Actually, they agree on the traffic light. The coalition wants a “fresh start in migration and integration policy”. That’s what it says in the coalition agreement that the SPD, Greens and FDP agreed on a year ago. But there are always disputes.
The FDP recently complained because it fears that Interior Minister Nancy Faeser (SPD) is not setting the right priorities. Faeser had announced a reform of citizenship law – naturalization should be possible faster.
Secretary-General Bjian Djir-Sarai explained that the traffic light should not take the second step before the first. The FDP is pushing for better support for labor migration and stronger enforcement of deportations. In fact, this is also part of the conversion of the migration system that the traffic light is planning. An overview.
Skilled labor immigration law is particularly important for the FDP. For years, the Liberals have wanted a points system based on the Canadian model. This Wednesday, the key points for a law on the immigration of skilled workers are to be decided in the cabinet. The paper is in front of the Tagesspiegel. It provides three pillars. The “skilled workers pillar”, the “experience pillar” and the “potential pillar”.
Skilled workers should continue to form the “backbone of labor migration” to Germany. Qualifications from abroad should be easier to recognize in the future. But even without formal recognition of their degree, people should be able to immigrate to Germany – if they have two years of professional experience and a vocational or university degree that is valid in their country of origin.
The “Potential Pillar” means that people with good potential – i.e. very good knowledge of German – should be able to stay there to look for a job.
This week, in addition to a law to speed up asylum procedures, the Opportunity Residence Act is to be passed in the Bundestag. According to the draft law, at the end of December 2021 there were 242,029 tolerated foreigners in Germany. A good 136,000 have lived here for more than five years.
They should be given a chance to meet the requirements for permanent residence in Germany – they must therefore acquire language skills, secure their livelihood and provide proof of identity. Then they can stay permanently in the Federal Republic. The details were still being debated within the traffic lights until the very end.
Reform of our citizenship law is long overdue.
Federal Interior Minister Nancy Faeser (SPD)
The Union in particular attacked the project sharply. The planned right of residence means the abolition of the toleration rules and a blanket conversion into a right to stay, says CSU regional group leader Alexander Dobrindt. At the hearing on Monday about the new law, there was also criticism from experts. Klaus Ritgen from the German District Association, for example, expressed the fear that foreigners would be encouraged to enter Germany illegally and with no prospect of a right of residence or not to comply with their obligation to leave the country.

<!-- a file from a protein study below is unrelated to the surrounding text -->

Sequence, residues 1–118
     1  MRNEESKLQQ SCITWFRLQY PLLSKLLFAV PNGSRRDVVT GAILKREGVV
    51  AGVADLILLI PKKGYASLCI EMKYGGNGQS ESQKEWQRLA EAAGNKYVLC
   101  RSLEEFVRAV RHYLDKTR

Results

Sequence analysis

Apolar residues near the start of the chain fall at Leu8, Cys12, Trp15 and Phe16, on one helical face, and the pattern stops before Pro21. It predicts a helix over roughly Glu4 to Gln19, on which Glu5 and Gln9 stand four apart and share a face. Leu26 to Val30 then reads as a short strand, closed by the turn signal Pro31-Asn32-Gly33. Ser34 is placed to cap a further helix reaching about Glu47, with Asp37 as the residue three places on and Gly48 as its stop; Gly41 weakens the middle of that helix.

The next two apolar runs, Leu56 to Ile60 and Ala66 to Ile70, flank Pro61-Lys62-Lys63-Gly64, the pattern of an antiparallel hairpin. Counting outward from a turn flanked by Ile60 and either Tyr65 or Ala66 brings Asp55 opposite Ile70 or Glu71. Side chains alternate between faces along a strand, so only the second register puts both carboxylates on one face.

However, the traffic light also links the right to stay with the opportunity to deport criminals and those who are at risk more consistently than before. The plan is to make it easier for these people to be expelled and detained pending deportation. The traffic light coalition agreement even mentions a “repatriation offensive”.
“The traffic light swaggeredly promised a repatriation offensive – and again none of it was implemented,” criticized the domestic spokesman for the Union faction, Alexander Throm. The FDP also complains that things are not progressing strongly enough here.
One hurdle is that many of those who are at risk come from countries to which Germany is not currently deporting – such as Syria, Afghanistan or Russia. According to the Federal Ministry of the Interior, only 23 people from the Islamist-terrorist spectrum were deported by mid-November this year, whose cases had previously been dealt with in the “Joint Counter-Terrorism Center”.
The FDP has criticized the fact that the special representative for migration, whom the traffic light agreed in its coalition agreement, has not yet been deployed. This should conclude agreements with countries of origin that make both legal migration and the repatriation of migrants who are obliged to leave the country possible. Former NRW Integration Minister Joachim Stamp (FDP) has been under discussion for the post for a long time. But within the traffic light there is still a problem – the issue of repatriations is particularly sensitive for the Greens.
In addition, the traffic light is planning a paradigm shift in naturalizations. One of the main changes envisaged in Nancy Faeser’s draft is that the minimum length of stay for naturalization is to be reduced from eight to five years, and to three years for special integration services. If you want to become a German, you no longer have to give up your old citizenship.
The FDP had not criticized the project on the merits, but insisted that the immigration of skilled workers and repatriations should have priority. In fact, the Skilled Immigration Act is now to be passed in any case before or at the same time as the reform of citizenship law.
Children of foreigners who have been legally living in Germany for at least eight years and who were previously only allowed to keep both passports until their 23rd birthday would then no longer have to choose between Germany and their parents’ country of origin.
“The reform of our nationality law is long overdue and a great opportunity to strengthen our social cohesion,” Faeser defended her plans in a guest article in the Tagesspiegel this week.
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